Back in Turkey, a vast arrest campaign based on guilt by association is ongoing. The number of victims of this campaign of persecution keeps increasing, with over 150,000 losing jobs, over 200,000 detained and over 80,000 arrested and jailed. People who are targeted by politically-motivated prosecution and who want to leave are deprived of their fundamental right to leave the country as their passports are cancelled. Despite setbacks due to military coups, Turkish Republic has been on a path of continuous improvement in democracy since its beginning in 1923. Erdogan is draining the reputation that the Turkish Republic has gained in the international arena, pushing Turkey into the league of nations known for suffocating freedoms and jailing democratic dissenters. The ruling clique is exploiting diplomatic relations, mobilizing government personnel and resources to harass, haunt and abduct Hizmet movement volunteers all around the world.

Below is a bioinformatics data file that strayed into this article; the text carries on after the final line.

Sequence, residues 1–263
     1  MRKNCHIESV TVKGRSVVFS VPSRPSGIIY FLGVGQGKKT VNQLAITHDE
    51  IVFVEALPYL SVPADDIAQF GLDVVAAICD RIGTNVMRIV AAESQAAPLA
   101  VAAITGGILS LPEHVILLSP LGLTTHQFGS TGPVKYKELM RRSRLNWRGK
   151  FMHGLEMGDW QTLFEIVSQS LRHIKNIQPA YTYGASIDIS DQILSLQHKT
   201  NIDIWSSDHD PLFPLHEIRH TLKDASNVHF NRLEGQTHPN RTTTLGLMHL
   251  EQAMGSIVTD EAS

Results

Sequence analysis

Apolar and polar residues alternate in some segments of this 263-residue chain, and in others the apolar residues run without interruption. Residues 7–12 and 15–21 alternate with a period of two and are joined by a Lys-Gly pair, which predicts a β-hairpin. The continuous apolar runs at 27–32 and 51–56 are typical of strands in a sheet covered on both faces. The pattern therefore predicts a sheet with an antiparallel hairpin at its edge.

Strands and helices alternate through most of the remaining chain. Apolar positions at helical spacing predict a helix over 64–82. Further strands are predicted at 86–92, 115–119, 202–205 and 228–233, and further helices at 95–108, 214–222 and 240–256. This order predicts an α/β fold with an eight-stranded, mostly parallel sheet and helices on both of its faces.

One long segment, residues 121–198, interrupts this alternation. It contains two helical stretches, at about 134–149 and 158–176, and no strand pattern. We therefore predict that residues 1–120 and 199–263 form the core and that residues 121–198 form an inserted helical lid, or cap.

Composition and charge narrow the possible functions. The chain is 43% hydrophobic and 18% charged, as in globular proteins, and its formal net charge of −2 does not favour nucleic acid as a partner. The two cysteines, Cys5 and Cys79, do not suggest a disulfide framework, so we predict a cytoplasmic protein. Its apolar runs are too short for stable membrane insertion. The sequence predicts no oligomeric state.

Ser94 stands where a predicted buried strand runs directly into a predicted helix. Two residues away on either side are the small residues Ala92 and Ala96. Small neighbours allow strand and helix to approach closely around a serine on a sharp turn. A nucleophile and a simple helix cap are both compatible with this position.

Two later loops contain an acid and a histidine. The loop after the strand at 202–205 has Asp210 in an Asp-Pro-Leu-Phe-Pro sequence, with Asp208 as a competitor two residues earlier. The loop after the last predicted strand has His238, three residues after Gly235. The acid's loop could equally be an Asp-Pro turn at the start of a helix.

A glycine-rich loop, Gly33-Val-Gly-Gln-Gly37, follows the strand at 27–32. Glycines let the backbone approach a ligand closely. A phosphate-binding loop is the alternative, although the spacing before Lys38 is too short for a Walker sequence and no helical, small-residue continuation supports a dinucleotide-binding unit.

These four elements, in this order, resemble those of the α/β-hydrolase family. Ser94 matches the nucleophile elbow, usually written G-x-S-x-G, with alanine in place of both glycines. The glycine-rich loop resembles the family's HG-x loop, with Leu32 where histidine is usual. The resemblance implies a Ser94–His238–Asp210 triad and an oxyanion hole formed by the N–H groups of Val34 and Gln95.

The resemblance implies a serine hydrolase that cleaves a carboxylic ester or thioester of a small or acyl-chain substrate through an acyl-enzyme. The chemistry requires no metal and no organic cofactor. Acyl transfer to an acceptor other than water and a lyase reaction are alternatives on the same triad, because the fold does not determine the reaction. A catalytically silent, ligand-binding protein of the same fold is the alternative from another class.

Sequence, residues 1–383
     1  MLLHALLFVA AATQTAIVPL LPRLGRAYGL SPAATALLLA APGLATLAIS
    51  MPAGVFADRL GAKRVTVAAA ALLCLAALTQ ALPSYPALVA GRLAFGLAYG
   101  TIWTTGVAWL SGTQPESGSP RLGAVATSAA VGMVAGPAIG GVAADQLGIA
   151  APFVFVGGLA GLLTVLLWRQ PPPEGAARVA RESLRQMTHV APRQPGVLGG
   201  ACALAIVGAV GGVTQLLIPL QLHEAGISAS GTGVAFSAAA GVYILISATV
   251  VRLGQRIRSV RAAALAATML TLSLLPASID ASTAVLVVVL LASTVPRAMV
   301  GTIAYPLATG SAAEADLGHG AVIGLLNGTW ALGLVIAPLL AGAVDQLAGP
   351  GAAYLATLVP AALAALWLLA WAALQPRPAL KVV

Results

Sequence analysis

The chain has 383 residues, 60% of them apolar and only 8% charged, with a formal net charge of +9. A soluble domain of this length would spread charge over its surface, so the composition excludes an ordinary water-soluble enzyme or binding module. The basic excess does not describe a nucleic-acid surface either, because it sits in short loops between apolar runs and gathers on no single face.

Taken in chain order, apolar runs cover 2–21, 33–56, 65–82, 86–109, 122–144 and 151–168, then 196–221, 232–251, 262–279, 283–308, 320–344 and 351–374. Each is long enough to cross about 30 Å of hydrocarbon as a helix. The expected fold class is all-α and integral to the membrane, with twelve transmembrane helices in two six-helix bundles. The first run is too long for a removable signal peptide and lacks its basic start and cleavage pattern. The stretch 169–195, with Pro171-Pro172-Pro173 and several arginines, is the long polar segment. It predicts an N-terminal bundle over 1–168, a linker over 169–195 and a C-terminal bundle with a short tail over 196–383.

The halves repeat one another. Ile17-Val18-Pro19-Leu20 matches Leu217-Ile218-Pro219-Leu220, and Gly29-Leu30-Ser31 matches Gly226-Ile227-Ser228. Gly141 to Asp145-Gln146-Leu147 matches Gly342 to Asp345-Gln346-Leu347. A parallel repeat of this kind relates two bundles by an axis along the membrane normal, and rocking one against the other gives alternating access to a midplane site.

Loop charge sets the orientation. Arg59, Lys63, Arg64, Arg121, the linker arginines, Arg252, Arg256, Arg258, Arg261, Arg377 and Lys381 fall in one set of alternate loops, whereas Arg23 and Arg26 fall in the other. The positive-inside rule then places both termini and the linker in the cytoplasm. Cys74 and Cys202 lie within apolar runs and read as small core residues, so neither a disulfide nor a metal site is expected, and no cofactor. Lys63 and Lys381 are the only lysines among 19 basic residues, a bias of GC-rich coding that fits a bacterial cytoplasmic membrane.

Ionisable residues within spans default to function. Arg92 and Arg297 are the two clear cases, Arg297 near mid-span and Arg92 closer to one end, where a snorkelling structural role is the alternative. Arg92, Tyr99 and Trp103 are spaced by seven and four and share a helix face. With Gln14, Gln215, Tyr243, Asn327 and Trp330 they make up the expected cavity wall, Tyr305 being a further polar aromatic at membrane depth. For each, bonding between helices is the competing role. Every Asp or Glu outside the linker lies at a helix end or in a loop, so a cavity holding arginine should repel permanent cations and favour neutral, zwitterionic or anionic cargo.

In recent years, and in the face of such persecutions, Turkish citizens have remained relatively passive in conveying their democratic demands to their leaders. Concern for economic stability is one possible reason for this behavior. But if we backtrack from today, we can see that there is also a historic reason.

Despite the fact that democratic governance has been an ideal of Turkish Republic, democratic values have never been systematically ingrained into the Turkish society. Obedience to a strong leader and the state have always been a strong theme in educational curricula. The military coups, which happened almost every decade, did not give democracy a chance to take hold and progress. Citizens forgot that the state existed for the people and not vice versa. It can be argued that Erdogan took advantage of this collective psyche.

Turkish democracy may be in a coma due to the current leadership but I remain optimistic. Oppression does not last for too long. I believe that Turkey will one day return to the democratic path. However, for democracy to take root and be long lasting, several measures need to be taken.